Diaper Bank:

Local woman joins program to help others experience the benefits of cloth diapers

Michella Dey photo

The Share the Love program coordinates a nationwide network of volunteer hosts who collect doantions of diapers from their communities and allows them to loan diapers to qualified recipients. Glendive residents recently became a host for the program.

A local woman, sold on the value of reusable cloth diapers, is starting a cloth diaper bank to help other mothers experience the benefits she enjoys.

Using cloth diapers can save a family up to $60 a month, Michella Dey explained. The same diaper can be used for a baby weighing 8 pounds or one weighing 35 pounds. Babies don’t outgrow them. They are great for sensitive skin, are an eco-friendly option and are really cute.

Dey has used cloth diapers for each of her three children and is always eager to share experiences and learn new tips. Some time ago, while looking into good deals for buying diapers in larger quantities, she stumbled across the Cotton Babies website and saw information on the “Share the Love” program, she said.

The program coordinates a nationwide network of volunteer hosts who collect donations of diapers from their communities and then loan diapers to qualified recipients. The recipients return the diapers on their child’s third birthday so they can be loaned to someone else, Dey explained.

Intrigued by the program, she filled out a form from the website saying she was interested in being a host. She received an invitation to apply, filled out the application and began the process toward acceptance which included supplying references and undergoing a telephone interview, she said.

Now that she has been accepted as a host, Dey is looking for mothers who want to receive a pack of 15 cloth diapers and also for people who want to donate to the program. Cash donations are not allowed but she welcomes donations of diapers, laundry detergent, receiving blankets, t-shirts, baby wash cloths or wet bags.

Applications for a loan from the cloth diaper bank can be made by going to cottonbabieslove.com cottonbabieslove.com and clicking on the “My family needs diapers” link. To be eligible for a loan, applicants must be enrolled in a public assistance program such as WIC or TANF. A photo ID is also required, she said.

When applicants are approved for a loan, the company will pass the information on to Dey who will contact the applicants and arrange to deliver the package of diapers. Along with providing the loan, Dey is also available to answer questions and provide support for anyone who has not used cloth diapers and has questions.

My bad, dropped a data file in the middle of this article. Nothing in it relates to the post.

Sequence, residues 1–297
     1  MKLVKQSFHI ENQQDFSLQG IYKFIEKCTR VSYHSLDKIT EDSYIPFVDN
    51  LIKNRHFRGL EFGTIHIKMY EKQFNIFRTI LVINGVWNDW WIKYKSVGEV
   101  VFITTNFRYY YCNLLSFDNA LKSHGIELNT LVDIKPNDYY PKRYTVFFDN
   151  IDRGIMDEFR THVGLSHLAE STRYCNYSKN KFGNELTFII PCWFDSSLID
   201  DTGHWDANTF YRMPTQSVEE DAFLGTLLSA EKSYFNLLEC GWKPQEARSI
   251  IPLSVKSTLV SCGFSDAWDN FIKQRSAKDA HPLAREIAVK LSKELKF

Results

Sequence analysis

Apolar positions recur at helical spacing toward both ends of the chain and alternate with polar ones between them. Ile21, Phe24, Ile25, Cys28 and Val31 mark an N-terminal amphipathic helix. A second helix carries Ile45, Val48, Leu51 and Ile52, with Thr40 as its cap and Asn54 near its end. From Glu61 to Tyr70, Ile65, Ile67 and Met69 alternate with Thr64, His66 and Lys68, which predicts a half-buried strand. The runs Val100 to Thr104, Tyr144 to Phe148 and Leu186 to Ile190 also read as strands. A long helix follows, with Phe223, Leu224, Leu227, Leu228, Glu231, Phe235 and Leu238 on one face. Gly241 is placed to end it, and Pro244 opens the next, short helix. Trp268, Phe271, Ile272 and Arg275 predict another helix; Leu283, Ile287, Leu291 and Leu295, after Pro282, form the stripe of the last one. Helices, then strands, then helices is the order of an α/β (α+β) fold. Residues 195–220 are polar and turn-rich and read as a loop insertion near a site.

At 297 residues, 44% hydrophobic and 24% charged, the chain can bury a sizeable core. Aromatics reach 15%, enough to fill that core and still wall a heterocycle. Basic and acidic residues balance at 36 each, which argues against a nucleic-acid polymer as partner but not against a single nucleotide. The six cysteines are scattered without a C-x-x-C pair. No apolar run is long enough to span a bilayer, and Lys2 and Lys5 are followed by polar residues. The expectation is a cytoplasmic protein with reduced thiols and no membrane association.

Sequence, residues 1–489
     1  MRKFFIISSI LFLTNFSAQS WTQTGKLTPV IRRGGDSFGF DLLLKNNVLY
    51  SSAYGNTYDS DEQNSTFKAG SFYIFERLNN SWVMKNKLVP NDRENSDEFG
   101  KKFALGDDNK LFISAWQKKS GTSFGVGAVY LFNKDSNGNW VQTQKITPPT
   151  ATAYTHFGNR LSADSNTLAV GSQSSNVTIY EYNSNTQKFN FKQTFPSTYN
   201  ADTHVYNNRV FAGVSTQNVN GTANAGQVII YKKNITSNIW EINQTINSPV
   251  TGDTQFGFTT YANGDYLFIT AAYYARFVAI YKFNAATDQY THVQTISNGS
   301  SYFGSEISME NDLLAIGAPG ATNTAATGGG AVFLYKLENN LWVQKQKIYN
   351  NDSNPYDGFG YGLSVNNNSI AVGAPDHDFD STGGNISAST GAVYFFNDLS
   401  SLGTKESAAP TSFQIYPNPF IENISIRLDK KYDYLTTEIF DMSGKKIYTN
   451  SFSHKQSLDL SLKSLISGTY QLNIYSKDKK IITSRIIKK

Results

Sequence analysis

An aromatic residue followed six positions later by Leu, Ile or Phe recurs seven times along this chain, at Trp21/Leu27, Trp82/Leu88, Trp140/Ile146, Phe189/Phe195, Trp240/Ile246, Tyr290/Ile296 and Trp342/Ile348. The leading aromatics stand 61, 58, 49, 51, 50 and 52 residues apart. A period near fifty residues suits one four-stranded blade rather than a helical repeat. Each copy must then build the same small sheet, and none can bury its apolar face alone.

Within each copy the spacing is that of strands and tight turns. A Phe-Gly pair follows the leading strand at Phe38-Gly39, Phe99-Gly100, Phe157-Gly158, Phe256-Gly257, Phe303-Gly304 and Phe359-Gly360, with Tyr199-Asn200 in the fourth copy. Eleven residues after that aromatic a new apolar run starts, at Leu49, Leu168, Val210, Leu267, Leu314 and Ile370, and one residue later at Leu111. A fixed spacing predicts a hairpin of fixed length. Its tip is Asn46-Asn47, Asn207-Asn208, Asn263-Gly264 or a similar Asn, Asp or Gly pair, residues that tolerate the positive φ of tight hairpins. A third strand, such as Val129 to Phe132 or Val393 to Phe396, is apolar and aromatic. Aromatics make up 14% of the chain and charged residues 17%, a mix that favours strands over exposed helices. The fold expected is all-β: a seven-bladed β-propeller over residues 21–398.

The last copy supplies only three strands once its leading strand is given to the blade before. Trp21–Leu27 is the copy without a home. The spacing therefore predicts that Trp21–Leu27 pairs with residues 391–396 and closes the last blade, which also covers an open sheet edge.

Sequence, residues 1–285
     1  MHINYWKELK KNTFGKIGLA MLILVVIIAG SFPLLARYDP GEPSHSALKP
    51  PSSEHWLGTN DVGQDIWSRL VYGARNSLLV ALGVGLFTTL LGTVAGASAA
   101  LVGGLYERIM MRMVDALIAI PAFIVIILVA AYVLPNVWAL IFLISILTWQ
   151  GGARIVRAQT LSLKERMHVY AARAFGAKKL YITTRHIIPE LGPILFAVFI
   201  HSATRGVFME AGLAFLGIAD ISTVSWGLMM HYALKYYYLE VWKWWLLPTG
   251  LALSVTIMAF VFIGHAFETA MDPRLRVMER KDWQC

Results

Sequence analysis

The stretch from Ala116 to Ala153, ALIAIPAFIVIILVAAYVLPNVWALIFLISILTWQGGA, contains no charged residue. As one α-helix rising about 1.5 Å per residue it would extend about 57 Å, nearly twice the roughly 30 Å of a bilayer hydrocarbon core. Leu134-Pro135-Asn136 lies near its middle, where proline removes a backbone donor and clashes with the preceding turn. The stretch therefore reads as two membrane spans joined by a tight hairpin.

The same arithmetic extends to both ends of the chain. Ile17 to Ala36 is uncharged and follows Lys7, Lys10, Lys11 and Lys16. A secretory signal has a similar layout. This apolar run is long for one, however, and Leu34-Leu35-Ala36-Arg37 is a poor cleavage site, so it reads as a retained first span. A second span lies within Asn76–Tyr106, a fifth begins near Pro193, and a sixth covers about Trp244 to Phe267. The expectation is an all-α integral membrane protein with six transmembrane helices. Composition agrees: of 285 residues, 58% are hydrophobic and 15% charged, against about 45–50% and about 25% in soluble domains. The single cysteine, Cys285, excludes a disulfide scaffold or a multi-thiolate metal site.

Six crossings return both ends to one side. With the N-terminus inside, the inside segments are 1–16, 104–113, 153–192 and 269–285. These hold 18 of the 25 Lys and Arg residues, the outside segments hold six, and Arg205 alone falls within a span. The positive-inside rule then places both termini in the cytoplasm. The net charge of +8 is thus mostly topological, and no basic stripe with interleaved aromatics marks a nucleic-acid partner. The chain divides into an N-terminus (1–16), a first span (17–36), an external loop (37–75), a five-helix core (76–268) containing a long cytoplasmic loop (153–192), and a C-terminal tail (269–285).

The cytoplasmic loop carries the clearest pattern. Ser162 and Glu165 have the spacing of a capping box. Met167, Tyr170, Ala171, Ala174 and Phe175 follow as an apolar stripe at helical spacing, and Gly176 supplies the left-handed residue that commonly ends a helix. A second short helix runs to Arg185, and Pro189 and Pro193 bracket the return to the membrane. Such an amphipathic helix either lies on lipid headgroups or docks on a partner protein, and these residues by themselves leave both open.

Some common misconceptions of cloth diapers are that they are gross, smelly, ugly, entail more work and the upfront cost is too expensive, Dey said.

In reality, today’s cloth diapers come in a variety of options, save money, prevent landfill waste, avoid multiple trips to buy disposable diapers, avoid harmful chemicals found in disposables, help prevent diaper rash, prevent leaks and blowouts, and are easy to put on.

“It is easier to just have them on hand. It’s more convenient. It saves money and I’m doing a million loads of laundry anyway,” Dey said, explaining that washing diapers is not that much extra work.

The cloth diaper bank has established quality regulations for the diapers available for loan. Most diapers made in China are not compliant. Successful applicants for the loan program know they will receive high quality diapers, Dey noted.

Cloth diapers come in a variety of styles. They can be covers or shells with inserts, a pocket type, or an all in one type. Insert options can be made from microfiber, hemp, bamboo or charcoals, but cotton flour sack towels, cotton flats, cotton prefolds, cut up cotton t-shirts, or cotton receiving blankets can also be used.

Although Dey has only recently been accepted as a host, she has already received one donation of diapers. Her mother saw a listing of diapers for sale on a local website and suggested she contact the seller. She did, and, much to her delight, the seller decided to donate the diapers rather than selling them, she said.

Others who want to donate to the program are encouraged to contact Dey by phone at 406-941-3327 or by email at michelladey11@gmail.com. If no local requests are received, the donations will be sent to fill requests at another location, she said.

Dey is also posting information about the program at various places around town such as Action for Eastern Montana, Head Start and the Glendive Public Library. She encourages anyone interested to check out the program and apply for a loan.

Reach Cindy Mullet at crmullet@midrivers.com

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